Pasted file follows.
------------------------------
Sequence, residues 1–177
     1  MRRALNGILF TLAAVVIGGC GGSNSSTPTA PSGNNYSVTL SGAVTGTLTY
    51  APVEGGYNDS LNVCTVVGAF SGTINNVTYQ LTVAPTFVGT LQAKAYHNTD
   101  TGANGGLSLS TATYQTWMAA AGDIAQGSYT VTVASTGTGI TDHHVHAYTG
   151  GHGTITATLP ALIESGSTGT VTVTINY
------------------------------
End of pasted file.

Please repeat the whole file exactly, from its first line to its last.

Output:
Sequence, residues 1–177
     1  MRRALNGILF TLAAVVIGGC GGSNSSTPTA PSGNNYSVTL SGAVTGTLTY
    51  APVEGGYNDS LNVCTVVGAF SGTINNVTYQ LTVAPTFVGT LQAKAYHNTD
   101  TGANGGLSLS TATYQTWMAA AGDIAQGSYT VTVASTGTGI TDHHVHAYTG
   151  GHGTITATLP ALIESGSTGT VTVTINY